17 Jun 2004
Performance anxiety affects golfers of all ability levels. Although you might think of it as a problem, it sometimes can help your game.
The extra energy that anxiety creates can help us have more intensity of focus which helps performance.
Think about one of your successful recovery shots. You hit an errant drive and need to hit your next shot through a very narrow opening in the trees.
If you can pull the shot off, you can reach the green, but a mistake will be costly. This shot often is one of the best of the day. You had extra intensity of focus for this shot.
The opposite is lack of intensity. After a perfect and long drive down the middle, with only a short iron left to the green and you miss the green entirely. Often because this shot is taken for granted, there is not enough focus.
Anxiety that creates tension is the kind which hurts performance when we get tense and play in a negative mode. You try to avoid mistakes instead of focusing on the results youwant.
I experienced this kind of anxiety in the last tournament I played in. I was not very confident about my game and found myself creating a lot of tension and worrying to much about errors.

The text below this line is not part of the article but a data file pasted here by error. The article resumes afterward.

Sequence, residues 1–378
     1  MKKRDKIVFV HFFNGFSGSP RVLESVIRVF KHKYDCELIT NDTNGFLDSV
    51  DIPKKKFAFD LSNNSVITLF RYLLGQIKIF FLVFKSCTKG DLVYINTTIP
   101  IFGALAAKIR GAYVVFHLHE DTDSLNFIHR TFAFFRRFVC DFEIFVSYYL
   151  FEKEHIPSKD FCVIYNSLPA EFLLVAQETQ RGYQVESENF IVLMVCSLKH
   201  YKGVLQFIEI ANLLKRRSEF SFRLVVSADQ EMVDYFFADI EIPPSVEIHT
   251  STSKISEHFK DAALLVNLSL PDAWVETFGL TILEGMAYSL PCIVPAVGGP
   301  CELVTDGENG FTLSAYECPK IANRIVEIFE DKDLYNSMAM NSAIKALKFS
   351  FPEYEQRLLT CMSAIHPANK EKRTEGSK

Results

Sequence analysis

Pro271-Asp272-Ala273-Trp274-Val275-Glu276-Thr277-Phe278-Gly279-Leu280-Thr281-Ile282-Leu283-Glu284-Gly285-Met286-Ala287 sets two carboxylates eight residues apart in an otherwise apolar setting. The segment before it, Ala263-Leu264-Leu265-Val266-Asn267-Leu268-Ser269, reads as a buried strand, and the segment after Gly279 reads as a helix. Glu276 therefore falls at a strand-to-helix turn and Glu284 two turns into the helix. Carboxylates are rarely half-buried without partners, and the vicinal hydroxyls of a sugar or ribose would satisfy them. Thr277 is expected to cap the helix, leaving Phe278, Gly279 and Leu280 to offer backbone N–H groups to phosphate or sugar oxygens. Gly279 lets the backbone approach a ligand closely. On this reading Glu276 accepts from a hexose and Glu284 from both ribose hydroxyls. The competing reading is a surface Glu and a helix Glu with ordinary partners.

In order to change my mindset, I did three things. The first two were covered in previous columns.
First, I made sure that my nutritional needs were taken care of so my brain had the necessary fuel to have clarity and my body had the necessary energy (May 27 article Fuel Your Engine). Next, I made sure to drink plenty of water and electrolyte replacements since this also leads to poor performance (May 20 article Quench Your Thirst).
Last, I made myself follow a routine that I have discovered really helps to get me out of the anxiety state and into a performance state. The routine is as follows:
· Get my target line from behind the ball fixed firmly in my mind
· Take one practice swing
· Take a deep breath and let tension out with it while exhaling
· Go through my setup routine which includes getting the target again firmly fixed in my mind
· Take another deep breath and start my stroke right after exhaling it
· Sing a song when I swing that helps me have good rhythm and tempo
Going through these steps each shot allowed me stop worrying about the results and focus on my routine.
Tour players know the routine is so vital to performance that they will start the whole process over again if something disrupts it or if they have left out a step.
Having a routine can help you as well.